Nothing?s been lost in translation (or transition) for Sweden native and Idaho Steelhead David Fredriksson. The ninth-year pro moved from his home country this year to pursue the North American hockey dream with an impressive hockey resume and solid knowledge of English. His first stop: Boise, Idaho. ?I like it here,? said the 6?2? Fredriksson. ?It?s very similar to Sweden actually; not too big, not too small.? Fredriksson?s hometown of Jonkoping (pronounced yern-sheur-ping.) has a population of approximately 128,000 and ranks among Sweden?s 10-largest municipalities according to www.Jonkoping.se. It is home to HV71, a hockey club in the Elitserien, the country?s highest level of hockey. As a forward, Fredriksson helped lead HV71 to national championships in 2004 and 2008 and was also selected by the St. Louis Blues in the seventh round of the NHL draft in 2004. So Fredriksson decided to try his hand in North America, which meant more of a transition than just a transatlantic fight and a new apartment. ?Ice sheets are bigger in Europe so there?s more room,? said Idaho head coach Hardy Sauter. ?Because of that, their mindset is more focused on puck control; skate, shoot, pass versus a mindset that we can give up the puck, put it to an area, and work the opposition to get it back.? However, Fredriksson stated (in perfect English), and Sauter agrees, that the North American style of play fits his game better. ?I like the hockey more here,? Fredriksson said. ?Here it is more up and go with more hits and fighting and I think I?m that kind of player.? Despite an admitted adjustment period, the 215-pound wing has found his niche with the Steelheads and recently recorded a point in seven-straight games. He is currently tied for second on the team with 12 points (3 G, 9 A) in 12 appearances this season. ?It was very tough at the beginning of the season,? Fredriksson said. ?The hockey is very different, but I play with very good teammates. I feel that if I work hard good things will happen.? And while Fredriksson?s on-ice adjustment continues to impress, Sauter said his attitude and personality in the locker room have also made him popular among teammates. ?He fits right in,? Sauter said. ?The guys have a ton of fun with him and I see them joking with him all the time.? With an ever-increasing English vocabulary, the support of his teammates and coach and rare on-ice talent, Fredriksson?s confidence in himself and the Steelheads 2011-12 campaign is high. ?Hardy (Sauter) teaches us to work hard,? Fredriksson said. ?We have a pretty young team and it takes time, but I think we are back on track and good things are happening.? (Article written by Media Relations Intern Jake Drzayich)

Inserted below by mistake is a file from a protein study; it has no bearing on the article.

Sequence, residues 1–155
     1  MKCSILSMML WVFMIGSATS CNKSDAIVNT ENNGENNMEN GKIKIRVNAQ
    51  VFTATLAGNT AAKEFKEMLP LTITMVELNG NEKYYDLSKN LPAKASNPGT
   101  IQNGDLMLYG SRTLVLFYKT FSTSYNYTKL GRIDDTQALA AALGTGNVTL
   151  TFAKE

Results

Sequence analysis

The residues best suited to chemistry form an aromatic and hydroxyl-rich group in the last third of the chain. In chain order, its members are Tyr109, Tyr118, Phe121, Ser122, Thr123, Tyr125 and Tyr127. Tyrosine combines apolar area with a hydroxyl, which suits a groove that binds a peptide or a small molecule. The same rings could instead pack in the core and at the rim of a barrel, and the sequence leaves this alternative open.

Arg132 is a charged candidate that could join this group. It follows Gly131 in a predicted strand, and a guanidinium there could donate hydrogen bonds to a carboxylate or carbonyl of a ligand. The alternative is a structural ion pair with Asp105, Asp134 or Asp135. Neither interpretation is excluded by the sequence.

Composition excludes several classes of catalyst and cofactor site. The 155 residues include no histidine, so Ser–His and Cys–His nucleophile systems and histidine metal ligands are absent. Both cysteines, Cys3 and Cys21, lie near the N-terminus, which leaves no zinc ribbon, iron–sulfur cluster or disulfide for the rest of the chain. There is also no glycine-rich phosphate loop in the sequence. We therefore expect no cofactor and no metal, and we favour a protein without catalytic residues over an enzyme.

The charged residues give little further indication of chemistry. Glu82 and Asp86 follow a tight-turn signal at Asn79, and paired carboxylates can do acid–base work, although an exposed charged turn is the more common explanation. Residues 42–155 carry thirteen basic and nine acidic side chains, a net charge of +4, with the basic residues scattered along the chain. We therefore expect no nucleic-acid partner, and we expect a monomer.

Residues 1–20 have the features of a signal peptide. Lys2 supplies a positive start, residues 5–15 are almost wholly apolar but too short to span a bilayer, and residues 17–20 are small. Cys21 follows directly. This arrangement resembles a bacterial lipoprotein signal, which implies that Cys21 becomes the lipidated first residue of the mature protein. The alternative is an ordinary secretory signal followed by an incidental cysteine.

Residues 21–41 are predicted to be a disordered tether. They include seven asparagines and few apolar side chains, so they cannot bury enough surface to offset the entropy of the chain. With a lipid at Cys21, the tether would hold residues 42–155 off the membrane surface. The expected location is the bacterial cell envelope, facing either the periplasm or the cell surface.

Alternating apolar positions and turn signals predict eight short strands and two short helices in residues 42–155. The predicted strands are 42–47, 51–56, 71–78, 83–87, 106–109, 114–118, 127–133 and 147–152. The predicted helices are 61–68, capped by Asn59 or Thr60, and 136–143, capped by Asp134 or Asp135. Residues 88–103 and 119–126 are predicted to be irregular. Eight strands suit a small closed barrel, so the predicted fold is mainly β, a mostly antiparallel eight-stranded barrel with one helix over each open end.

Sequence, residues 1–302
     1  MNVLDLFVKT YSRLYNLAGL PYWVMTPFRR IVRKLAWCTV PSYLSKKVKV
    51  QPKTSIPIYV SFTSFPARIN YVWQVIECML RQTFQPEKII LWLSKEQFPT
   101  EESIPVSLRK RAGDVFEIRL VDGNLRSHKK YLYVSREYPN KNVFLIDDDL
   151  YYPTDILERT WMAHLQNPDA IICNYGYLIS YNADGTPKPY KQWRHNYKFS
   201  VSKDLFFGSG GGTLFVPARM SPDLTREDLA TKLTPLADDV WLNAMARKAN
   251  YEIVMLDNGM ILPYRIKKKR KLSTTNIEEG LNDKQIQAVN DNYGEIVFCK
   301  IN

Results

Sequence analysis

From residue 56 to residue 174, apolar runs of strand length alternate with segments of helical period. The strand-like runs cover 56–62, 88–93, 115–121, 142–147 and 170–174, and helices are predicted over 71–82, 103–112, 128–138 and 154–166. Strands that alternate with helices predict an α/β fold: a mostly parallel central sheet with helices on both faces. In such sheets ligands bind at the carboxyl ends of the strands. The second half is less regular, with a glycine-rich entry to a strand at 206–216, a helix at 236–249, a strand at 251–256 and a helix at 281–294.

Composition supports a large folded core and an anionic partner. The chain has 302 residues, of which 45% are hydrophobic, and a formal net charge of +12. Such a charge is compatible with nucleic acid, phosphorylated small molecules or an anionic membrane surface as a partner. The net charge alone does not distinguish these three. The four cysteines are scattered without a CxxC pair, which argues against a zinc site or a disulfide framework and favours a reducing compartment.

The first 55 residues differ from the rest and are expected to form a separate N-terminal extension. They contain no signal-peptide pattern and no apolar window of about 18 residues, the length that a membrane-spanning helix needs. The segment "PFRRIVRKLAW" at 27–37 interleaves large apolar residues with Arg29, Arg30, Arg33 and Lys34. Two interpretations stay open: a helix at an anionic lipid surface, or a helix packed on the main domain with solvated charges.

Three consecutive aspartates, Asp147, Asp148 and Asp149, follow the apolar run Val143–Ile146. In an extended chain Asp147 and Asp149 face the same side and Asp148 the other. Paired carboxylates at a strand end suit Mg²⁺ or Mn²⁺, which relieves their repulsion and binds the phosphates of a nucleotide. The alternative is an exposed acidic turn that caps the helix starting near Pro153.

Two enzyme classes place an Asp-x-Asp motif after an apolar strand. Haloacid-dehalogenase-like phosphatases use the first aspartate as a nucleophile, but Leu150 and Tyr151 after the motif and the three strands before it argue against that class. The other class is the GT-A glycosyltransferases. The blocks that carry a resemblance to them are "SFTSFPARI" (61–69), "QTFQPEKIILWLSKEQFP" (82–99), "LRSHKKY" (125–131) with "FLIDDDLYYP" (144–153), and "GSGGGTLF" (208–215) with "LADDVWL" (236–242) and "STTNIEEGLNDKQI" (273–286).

Nothing lost in translation for Fredriksson
Friday, November 18th
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